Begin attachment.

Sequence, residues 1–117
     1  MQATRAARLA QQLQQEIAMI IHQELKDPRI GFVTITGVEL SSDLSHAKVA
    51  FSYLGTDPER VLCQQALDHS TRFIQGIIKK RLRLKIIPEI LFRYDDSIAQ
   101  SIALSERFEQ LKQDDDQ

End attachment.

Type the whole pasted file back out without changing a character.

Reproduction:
Sequence, residues 1–117
     1  MQATRAARLA QQLQQEIAMI IHQELKDPRI GFVTITGVEL SSDLSHAKVA
    51  FSYLGTDPER VLCQQALDHS TRFIQGIIKK RLRLKIIPEI LFRYDDSIAQ
   101  SIALSERFEQ LKQDDDQ